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ARS Home » Northeast Area » Ithaca, New York » Robert W. Holley Center for Agriculture & Health » Plant, Soil and Nutrition Research » Research » Publications at this Location » Publication #365068

Research Project: Genetics, Epigenetics, Genomics, and Biotechnology for Fruit and Vegetable Quality

Location: Plant, Soil and Nutrition Research

Title: A neighboring aromatic-aromatic amino acid combination governs activity divergence of tomato PSY1 and PSY2

Author
item Cao, Hongbo - Cornell University - New York
item Luo, Hongmei - Cornell University - New York
item Yuan, Hui - Cornell University - New York
item Eissa, Mohamed - Cornell University - New York
item Thannhauser, Theodore - Ted
item Welsch, Ralf - University Of Freiburg
item Hao, Yujin - Shandong Agricultural University
item Cheng, Laiiang - Cornell University - New York
item Li, Li

Submitted to: Plant Physiology
Publication Type: Peer Reviewed Journal
Publication Acceptance Date: 6/10/2019
Publication Date: N/A
Citation: N/A

Interpretive Summary: Carotenoids are indispensable to plants and humans. Phytoene synthase (PSY), as the major rate-limiting enzyme for carotenoid biosynthesis, is normally found as a small enzyme family in crops. However, limited information is available for PSY isoforms in relation to their respective enzyme activities and for the amino acid residues critical for PSY activity. In this study, we found that tomato fruit-specific PSY1 unexpectedly is less effective in promoting carotenogenesis than leaf-specific PSY2. We identified the key amino acid residues responsible for the activity divergence. Moreover, we experimentally confirmed the critical role of an aromatic residue in the PSY active site for its activity, and elucidated the necessity of one neighboring aromatic-aromatic combination for high PSY activity. Furthermore, we examined the evolutionary features of these key residues toward high PSY activity. Our findings provide new insights into the functional divergence of PSY isoforms and highlight the potential to rationally design PSY for targeted metabolic engineering or breeding of carotenoid-enriched crops.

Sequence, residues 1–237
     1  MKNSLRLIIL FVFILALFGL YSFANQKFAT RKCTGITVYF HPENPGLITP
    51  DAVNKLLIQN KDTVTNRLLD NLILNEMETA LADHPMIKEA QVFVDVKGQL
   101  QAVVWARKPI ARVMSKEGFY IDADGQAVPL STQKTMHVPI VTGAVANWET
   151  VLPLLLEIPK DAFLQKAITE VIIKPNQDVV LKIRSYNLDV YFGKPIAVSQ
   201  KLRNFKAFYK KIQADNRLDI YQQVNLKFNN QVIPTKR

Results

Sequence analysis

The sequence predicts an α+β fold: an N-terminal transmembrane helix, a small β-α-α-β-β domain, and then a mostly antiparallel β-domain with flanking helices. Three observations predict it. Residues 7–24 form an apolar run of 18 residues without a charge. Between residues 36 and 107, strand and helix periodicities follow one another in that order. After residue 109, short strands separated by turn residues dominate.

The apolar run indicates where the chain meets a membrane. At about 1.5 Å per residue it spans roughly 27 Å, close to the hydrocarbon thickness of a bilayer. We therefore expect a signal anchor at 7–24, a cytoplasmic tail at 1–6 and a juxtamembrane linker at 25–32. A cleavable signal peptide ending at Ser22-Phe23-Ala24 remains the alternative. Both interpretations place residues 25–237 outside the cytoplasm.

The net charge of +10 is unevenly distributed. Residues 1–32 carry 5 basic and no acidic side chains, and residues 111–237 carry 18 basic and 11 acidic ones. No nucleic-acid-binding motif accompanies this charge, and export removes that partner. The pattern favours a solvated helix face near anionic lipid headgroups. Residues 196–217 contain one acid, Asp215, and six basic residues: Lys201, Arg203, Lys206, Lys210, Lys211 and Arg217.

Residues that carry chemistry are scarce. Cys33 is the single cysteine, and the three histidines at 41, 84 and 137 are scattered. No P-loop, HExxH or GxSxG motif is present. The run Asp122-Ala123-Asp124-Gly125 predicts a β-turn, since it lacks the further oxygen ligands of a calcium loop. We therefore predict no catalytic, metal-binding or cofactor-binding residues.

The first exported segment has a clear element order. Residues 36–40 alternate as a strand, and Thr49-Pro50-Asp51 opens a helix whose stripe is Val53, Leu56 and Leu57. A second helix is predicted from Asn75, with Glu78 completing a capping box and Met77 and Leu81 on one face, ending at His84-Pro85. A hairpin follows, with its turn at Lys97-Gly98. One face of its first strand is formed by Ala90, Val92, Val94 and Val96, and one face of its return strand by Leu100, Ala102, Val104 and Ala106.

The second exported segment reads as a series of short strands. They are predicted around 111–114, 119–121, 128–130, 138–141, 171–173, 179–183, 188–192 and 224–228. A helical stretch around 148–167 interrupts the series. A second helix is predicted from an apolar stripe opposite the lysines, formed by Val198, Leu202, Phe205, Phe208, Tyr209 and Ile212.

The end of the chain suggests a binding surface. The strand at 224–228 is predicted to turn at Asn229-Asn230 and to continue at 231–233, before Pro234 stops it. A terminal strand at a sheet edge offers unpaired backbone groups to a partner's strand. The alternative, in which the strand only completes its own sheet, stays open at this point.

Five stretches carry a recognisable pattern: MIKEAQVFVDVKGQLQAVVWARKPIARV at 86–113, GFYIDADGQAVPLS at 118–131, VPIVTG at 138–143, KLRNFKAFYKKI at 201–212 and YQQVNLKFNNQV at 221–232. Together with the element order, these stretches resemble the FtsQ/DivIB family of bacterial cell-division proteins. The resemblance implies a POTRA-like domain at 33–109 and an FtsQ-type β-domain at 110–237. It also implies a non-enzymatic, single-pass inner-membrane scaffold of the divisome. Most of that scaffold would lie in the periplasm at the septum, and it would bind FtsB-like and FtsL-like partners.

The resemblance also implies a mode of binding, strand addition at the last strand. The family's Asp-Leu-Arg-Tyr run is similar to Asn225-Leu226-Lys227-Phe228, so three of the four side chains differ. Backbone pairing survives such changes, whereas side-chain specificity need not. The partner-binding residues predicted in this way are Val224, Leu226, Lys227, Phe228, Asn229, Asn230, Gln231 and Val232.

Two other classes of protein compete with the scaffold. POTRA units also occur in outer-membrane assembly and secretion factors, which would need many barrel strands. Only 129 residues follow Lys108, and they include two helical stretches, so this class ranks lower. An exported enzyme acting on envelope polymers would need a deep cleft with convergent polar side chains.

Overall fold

Technical Abstract: Phytoene synthase (PSY) is a major rate-limiting enzyme of carotenogenesis. PSY is normally found as a small enzyme family with up to three members in plants. However, knowledge of PSY isoforms in relation to their respective enzyme activities and amino acid residues important for PSY activity is limited. In this study, we focused on two tomato PSY isoforms, PSY1 and PSY2, and investigated their abilities to catalyze carotenogenesis via heterologous expression in transgenic Arabidopsis and bacterial systems. Interestingly, we found that the fruit-specific PSY1 is less effective in promoting carotenoid biosynthesis than the green tissue-specific PSY2. Examination of the basis by site-directed mutagenesis analysis and 3D structure modeling of the PSY proteins revealed two key amino acid residues responsible for PSY1 and PSY2 activity divergence, identifying a neighboring aromatic-aromatic combination in one of the PSY core structures being crucial for high PSY activity. Remarkably, this neighboring aromatic-aromatic combination is evolutionarily conserved among plant PSYs except PSY1 of tomato and potato. A strong transcription of PSY1 likely evolved to compensate its weak enzyme activity for massive carotenoid biosynthesis in ripe tomato fruit. This study provides new insights into the functional divergence of PSY isoforms and highlights the potential to rationally design PSY for effective development of carotenoid enriched crops.